One of the most prominent defections occurred in April 2016 by 13 North Korean restaurant workers in Ningbo, Zhejiang province of China. This group defection is significant to the human rights and forced repatriation issues of North Korea since the workers decided to defect in a group instead of monitoring each other. They also legally crossed the border between North Korea and China with official passports and visas issued from the North Korean government. After being educated on security and South Korean social issues, all 13 North Korean defectors were approved for social resettlement in August 2016. An interview request from Minbyun (Lawyers for a Democratic Society) regarding whether the defect was voluntary or not was ignored and rejected.
The Democratic Republic of Congo in Africa is one of the world’s most resource-rich countries. A wide range of rare minerals can be found here in abundance, all commanding high prices in world commodity markets. Diamonds for jewellery, tantalum, tungsten and gold for electronics; uranium used in power generation and weaponry and many others. Congo has copious deposits of raw materials that are in high demand internationally but remains one of the poorest countries in the world.
From colonisation, with the horrors of slavery and other atrocities, to a turbulent and equally brutal present in which militant groups control the mines, Congo’s richness in natural resources has brought nothing but misery. Referred to as “conflict minerals”, these riches leave only a trail of death, destruction and poverty.
Under Belgian rule, Congolese labourers were often required to meet quotas when mining different minerals. Failure could mean punishment by having a hand cut off with a machete. The country gained independence in 1960, but that didn’t put a stop to slave and child labour or to crimes being committed to extract and exploit the minerals. Warring militant fractions from inside the country and beyond seized control of mines for their own benefit while terrorising local populations.
For our translator, Bernard Kalume Buleri, his country’s history of turmoil is very personal; like most Congolese people, he and his family fell victim to the unending mineral based power struggle. Born in the year of his country’s independence, he has lived through war and seen his homeland torn apart by violent looting and greed. His story is a damning testament, illustrating how nature’s bounty, instead of being a blessing, becomes a deadly curse.
Fastwalkers, reveals the truth about UFOs and Extraterrestrials that has been suppressed and hidden for centuries. Fastwalker is a code word created by NORAD (North American Air Defense Command) to classify (UFOs) unidentified flying objects which approach our Earth from space and enter our atmosphere. It has been reported that from its subterranean facility deep inside Cheyenne Mountain, Colorado, USA, the Air Force NORAD facility tracks a rough average of 500 of these Fastwalkers each year. For the first time, Fastwalkers in a feature length documentary form discloses information you were never meant to know. Amazing UFO photos and footage gathered from around the world that you were never meant to see. Never before has there been such a wealth of information presented by such unbiased experts who focus on providing a “World View” of what is really happening on planet Earth, rather than what “we are told is happening.” STARRING: Dr. Steven M. Greer, Steve Bassett, Jim Marrs, Robert O Dean, Dr. Michael Salla, Stanton T Friedman, Alfred L Webre, John Greenwald Jr., Dr. Len Horowitz, Dr. Richard Boylan, Jaime Maussan, Paola Harris, Jerry Pippin, Dr. Bruce Maccabee, A.J. Gevaerd, Sean David Morton, Graham E. Bethune, Col. Wendelle C. Stevens, Monsignor Corrado Balducci, James W. Deardorff, & More.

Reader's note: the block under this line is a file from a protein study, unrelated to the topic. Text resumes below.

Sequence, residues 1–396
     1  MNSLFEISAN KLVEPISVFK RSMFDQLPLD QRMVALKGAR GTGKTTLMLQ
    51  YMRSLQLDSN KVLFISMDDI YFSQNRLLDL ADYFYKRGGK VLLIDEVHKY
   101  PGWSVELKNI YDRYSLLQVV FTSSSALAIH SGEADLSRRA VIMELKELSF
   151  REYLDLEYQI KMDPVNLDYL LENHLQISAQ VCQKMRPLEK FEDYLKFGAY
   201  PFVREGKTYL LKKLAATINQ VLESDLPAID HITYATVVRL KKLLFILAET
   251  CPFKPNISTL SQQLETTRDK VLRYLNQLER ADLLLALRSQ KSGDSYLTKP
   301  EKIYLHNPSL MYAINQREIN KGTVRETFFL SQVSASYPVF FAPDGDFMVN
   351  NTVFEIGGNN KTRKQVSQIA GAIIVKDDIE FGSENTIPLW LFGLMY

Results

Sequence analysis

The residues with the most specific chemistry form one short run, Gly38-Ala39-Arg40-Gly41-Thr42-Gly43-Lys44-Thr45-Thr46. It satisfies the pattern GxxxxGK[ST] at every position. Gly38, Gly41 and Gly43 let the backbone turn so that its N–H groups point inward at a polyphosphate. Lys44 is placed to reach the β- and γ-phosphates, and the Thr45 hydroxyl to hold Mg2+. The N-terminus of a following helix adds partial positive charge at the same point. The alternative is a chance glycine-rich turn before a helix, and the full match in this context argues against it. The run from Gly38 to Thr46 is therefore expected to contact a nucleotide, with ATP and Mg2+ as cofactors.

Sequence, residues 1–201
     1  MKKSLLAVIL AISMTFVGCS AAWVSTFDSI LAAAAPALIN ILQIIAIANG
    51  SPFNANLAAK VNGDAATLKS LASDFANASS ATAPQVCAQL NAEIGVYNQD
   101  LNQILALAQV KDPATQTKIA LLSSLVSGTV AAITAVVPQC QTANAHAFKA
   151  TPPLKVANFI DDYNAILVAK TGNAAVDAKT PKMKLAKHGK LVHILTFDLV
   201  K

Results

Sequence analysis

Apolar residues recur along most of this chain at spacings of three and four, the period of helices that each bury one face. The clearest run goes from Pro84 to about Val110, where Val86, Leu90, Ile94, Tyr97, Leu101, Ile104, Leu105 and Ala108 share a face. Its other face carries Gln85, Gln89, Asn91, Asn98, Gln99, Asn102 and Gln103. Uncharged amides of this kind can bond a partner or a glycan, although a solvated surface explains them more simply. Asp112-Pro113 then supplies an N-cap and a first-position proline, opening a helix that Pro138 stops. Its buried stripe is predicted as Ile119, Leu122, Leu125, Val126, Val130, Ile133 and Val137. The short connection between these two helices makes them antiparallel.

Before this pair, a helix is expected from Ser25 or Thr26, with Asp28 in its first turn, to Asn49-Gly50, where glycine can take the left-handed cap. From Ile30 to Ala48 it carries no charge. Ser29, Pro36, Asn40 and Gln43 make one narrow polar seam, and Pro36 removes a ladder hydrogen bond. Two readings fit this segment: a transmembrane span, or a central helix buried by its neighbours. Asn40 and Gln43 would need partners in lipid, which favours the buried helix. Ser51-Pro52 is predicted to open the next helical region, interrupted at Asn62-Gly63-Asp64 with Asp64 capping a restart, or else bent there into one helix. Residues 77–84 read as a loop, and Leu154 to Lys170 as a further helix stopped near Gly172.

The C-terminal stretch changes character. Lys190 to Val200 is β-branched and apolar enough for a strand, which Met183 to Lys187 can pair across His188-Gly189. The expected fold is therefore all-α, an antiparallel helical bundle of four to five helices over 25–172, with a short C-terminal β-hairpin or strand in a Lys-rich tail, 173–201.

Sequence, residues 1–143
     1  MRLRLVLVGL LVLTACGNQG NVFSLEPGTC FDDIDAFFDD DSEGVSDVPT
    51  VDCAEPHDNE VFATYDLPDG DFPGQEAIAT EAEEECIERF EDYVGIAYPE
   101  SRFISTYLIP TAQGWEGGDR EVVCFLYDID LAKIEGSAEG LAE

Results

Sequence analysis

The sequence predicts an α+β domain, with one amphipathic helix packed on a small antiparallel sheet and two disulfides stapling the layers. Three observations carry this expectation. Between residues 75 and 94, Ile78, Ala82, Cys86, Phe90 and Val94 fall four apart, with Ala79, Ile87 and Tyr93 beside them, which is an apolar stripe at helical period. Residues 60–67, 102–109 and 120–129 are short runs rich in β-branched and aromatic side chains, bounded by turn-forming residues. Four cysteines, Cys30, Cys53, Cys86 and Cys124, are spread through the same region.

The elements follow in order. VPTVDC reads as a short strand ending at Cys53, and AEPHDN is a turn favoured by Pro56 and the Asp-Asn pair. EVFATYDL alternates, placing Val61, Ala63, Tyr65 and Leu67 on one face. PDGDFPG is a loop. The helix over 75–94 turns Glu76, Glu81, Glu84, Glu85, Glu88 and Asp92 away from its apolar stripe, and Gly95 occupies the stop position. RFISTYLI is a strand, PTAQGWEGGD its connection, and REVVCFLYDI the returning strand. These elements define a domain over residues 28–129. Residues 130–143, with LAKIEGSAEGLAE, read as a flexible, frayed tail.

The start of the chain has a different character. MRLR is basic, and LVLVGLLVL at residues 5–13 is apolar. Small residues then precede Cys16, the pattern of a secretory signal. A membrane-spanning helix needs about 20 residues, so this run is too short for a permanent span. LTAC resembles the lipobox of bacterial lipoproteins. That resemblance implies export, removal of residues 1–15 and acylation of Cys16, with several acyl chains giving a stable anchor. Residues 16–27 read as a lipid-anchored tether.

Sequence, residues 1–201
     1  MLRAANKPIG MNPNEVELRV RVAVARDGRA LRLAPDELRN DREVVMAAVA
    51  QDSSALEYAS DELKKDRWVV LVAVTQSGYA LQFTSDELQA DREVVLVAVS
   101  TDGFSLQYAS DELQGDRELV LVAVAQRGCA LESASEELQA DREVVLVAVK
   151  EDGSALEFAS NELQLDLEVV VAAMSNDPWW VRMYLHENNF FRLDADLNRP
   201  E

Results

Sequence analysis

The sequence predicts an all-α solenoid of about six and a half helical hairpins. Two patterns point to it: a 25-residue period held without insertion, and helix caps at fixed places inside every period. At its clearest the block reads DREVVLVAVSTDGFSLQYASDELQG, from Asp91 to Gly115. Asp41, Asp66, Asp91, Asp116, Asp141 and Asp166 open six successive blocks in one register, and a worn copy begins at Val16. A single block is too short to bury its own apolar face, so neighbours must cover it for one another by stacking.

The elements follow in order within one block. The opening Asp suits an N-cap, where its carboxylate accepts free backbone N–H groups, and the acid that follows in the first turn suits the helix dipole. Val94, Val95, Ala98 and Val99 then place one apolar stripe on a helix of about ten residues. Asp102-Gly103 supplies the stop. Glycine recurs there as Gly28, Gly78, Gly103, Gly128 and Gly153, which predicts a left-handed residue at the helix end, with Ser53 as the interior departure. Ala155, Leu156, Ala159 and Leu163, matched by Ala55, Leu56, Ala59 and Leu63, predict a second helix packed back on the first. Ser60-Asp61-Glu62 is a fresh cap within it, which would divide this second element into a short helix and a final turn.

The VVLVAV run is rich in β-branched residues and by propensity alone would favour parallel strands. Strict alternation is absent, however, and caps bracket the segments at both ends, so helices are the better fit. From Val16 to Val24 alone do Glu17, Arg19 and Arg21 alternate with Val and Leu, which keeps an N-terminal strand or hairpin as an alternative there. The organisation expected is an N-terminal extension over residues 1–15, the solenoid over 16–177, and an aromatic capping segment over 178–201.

Since the mid-1990s, when Bill Clinton eliminated Aid For Dependent Children (AFDC), the US has enjoyed infant mortality rates among the highest in the world. Rust belt Midwestern cities lead the US in infant mortality. The loss of steel, auto and other manufacturing to third world sweatshops has virtually crushed many of these cities, leaving massive unemployment – particularly among African Americans.
Cleveland is the US city with the highest percentage of babies dying during the first year of life – with an infant mortality greater than third world countries like North Korea, Albania, Sri Lanka and Guatemala.
Trying to identify the cause of Cleveland’s skyrocketing infant mortality, filmmakers interview African American mothers and expectant mothers and neonatal specialists. The neonatologists identify prematurity as the number one cause of infant deaths. Factors that contribute to mothers delivering prematurely include homelessness and lack of access to healthy food (or money to pay for it) and prenatal care. Ohio is one of the states where Republican legislators declined federal funds to expand Medicaid (which pays for prenatal care) to the working poor.
The neonatologists also point out the false economy of this ideological stinginess. Ohio’s Medicaid program spends hundreds of millions of dollars trying to keep premature babies alive in state-of-the-art neonatal ICUs – it would cost taxpayers far less to prevent prematurity by ensuring expectant mothers have warm housing, healthy food and prenatal care.
“Our citizens should know the urgent facts…but they don’t because our media serves imperial, not popular interests. They lie, deceive, connive and suppress what everyone needs to know, substituting managed news misinformation and rubbish for hard truths…”—Oliver Stone